Upcoming Survey Could Hold Key to Next School Bond; Time to Answer Your Phone

When, oh when, will the Snoqualmie Valley School District decide on the next school bond? It’s been over three years since the second bond attempt to build a new Snoqualmie Middle School on Snoqualmie Ridge fell about 1,000 votes short – and residents are still waiting.

The district began vetting a possible bond – ‘Option A’ – last May. Based on almost a year of discussion, the majority of school board members have expressed support for this option as a longterm building and capacity needs solution.

BUT, is Option A what the community wants in a school bond? It looks like it’s time to find that out – on a broader scale.

Community Survey Determines Future Bond Direction  Survey1

The school board wants to double-check that this bond is what the community wants before putting it on a future ballot. So a broad (and key) community-wide survey was approved in concept and refined at the May 15th school board meeting.

Starting Wednesday, May 28, 2014, the Snoqualmie Valley School District, through the services of EMC Research, will attempt find the answer to this question by conducting a random sample survey.

What is Option A?

The majority of the roughly $200 million (after state matching funds) Option A is to rebuild and enlarge Mount Si High School to hold 9-12th grade students. Currently the building only holds grades 10-12th grades. With the 9th grade campus located at the main campus, the current freshman campus would re-open as the district’s third middle school, alleviating the overcrowding of Chief Kanim and Twin Falls Middle Schools. Thus, the proposed high school rebuild/expansion serves to solve both high school and middle school capacity issues.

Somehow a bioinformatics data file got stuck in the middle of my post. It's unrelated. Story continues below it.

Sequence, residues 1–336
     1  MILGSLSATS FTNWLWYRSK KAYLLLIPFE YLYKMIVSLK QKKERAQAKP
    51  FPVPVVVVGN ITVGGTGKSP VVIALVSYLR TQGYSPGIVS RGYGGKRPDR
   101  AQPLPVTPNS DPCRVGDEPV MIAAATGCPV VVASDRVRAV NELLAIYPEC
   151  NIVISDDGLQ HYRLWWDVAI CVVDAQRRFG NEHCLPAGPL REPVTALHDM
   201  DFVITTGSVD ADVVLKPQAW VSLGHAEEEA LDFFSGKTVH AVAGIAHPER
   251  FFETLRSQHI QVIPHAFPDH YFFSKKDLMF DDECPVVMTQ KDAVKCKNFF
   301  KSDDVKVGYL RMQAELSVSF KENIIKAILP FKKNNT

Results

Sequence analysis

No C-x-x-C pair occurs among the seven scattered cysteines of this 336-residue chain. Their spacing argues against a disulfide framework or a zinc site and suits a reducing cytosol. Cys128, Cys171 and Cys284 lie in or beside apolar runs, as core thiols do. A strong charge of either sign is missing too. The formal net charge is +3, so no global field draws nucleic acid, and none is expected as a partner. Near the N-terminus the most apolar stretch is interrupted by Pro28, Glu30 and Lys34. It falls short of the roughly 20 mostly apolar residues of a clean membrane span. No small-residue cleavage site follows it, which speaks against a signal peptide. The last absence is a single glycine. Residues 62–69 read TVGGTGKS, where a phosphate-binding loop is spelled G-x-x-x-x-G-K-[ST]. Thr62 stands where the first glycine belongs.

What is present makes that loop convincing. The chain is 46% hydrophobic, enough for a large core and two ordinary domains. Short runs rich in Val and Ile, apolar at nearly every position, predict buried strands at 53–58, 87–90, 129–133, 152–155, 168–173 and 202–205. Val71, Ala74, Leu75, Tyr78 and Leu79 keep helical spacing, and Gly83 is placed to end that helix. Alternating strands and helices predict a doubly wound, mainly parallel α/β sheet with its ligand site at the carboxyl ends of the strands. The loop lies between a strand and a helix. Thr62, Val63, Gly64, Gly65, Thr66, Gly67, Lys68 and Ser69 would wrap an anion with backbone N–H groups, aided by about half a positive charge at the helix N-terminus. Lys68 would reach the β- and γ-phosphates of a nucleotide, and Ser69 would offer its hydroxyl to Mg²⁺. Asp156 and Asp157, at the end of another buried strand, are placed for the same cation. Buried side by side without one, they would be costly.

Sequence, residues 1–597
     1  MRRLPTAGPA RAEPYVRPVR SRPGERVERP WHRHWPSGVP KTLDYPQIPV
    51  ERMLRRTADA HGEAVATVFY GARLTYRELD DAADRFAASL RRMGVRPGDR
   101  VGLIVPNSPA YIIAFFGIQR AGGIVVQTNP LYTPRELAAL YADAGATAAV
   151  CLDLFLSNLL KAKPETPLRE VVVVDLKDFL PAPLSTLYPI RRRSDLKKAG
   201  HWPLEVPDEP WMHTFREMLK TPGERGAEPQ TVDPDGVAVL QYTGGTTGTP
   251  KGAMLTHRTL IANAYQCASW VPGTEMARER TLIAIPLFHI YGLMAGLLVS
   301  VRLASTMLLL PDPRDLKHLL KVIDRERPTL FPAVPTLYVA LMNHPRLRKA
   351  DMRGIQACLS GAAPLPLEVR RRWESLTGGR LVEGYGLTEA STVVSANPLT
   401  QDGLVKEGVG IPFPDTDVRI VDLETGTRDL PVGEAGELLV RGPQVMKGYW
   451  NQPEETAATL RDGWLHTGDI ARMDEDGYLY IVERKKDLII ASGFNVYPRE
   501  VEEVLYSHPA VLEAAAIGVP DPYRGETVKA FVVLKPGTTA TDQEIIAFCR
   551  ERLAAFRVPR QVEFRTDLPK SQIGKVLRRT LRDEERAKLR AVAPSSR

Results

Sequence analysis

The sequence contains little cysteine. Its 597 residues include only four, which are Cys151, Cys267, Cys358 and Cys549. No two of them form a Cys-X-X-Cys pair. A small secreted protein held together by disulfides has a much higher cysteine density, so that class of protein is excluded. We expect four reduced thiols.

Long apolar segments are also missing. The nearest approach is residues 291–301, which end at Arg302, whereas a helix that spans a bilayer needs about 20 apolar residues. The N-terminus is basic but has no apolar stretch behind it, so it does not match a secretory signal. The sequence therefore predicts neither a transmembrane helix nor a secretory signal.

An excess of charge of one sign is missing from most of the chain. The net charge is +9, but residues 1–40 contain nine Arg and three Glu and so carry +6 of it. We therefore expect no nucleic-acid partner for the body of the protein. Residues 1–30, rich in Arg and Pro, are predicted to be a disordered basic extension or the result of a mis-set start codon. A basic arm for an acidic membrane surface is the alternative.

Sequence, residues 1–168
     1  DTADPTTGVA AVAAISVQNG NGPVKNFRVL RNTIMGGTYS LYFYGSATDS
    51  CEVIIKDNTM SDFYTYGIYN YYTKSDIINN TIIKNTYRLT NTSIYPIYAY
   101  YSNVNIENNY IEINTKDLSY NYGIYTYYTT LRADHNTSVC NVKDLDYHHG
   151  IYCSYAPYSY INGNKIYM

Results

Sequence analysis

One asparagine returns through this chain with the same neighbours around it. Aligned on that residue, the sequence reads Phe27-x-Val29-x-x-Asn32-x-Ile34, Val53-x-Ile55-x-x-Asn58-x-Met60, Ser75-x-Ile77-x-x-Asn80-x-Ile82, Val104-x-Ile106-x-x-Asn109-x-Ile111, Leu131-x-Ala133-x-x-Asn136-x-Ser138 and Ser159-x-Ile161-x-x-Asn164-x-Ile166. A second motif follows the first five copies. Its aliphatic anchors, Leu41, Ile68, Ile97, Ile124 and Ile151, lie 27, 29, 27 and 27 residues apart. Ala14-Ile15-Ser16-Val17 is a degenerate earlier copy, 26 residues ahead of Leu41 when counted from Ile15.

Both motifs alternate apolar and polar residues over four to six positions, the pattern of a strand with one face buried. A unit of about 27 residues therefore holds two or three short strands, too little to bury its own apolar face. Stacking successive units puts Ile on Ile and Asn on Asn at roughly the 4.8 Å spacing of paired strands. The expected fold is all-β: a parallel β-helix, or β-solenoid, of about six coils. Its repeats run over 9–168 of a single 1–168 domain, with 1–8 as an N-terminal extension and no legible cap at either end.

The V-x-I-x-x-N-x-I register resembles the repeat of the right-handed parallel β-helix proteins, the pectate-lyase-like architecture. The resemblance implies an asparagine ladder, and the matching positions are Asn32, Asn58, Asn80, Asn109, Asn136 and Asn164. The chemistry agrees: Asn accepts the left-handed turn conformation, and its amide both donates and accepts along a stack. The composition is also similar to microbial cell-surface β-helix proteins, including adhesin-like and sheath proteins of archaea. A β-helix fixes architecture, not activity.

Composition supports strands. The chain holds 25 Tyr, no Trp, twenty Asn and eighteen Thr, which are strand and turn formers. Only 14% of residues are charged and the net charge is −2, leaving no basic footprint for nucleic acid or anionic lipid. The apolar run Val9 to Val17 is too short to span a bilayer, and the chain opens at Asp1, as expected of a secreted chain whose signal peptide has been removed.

Option A would also build a new elementary school on Snoqualmie Ridge at the corner of Swenson Drive and Snoqualmie Parkway. Additionally, the bond would provide funds for needed maintenance and upgrades at all other district buildings.

The board has repeatedly discussed how Option A would resolve overcrowding issues at all grade levels by 1) rebuilding, improving, expanding Mount Si High School; 2) re-opening Snoqualmie Middle School; and 3) building a new elementary school.

Why Spend Millions on Mount Si High School?

Over the past year, the school board has discussed the limitations of the current Mount Si High building and its 1950’s design, including: 1) the school is aging; 2) subject to flooding; 3) not updated for seismic safety 4) difficult to secure during emergencies because of its 18 entrances; and 5) not designed for modern, collaborative and technology-fueled learning.

During this time, board members have stated that a high school rebuild/expansion would solve these issues well into the future, while also increasing the district to three middle schools – without needing to construct a new middle school.

Board Determines Alternate Bond Direction if Community Does NOT Support Option A

A key discussion at the May 15 board meeting revolved around how to explain to the community in the upcoming EMC survey what a short-term, more band-aid type bond would look like, so that residents can understand the choices when it comes to the next bond.

Basically the board debated, if not Option A, then what?  They discussed the importance of the public understanding that there is NOT an option of doing nothing if Option A does not make it to a future ballot – because there are imminent crowding and facility issues to solve.

In the end, the board decided to include alternative bond component questions in the upcoming survey to gauge what the community might support, if they do not support option A as the way to resolve facility discussions – discussions that have been occurring since 2006.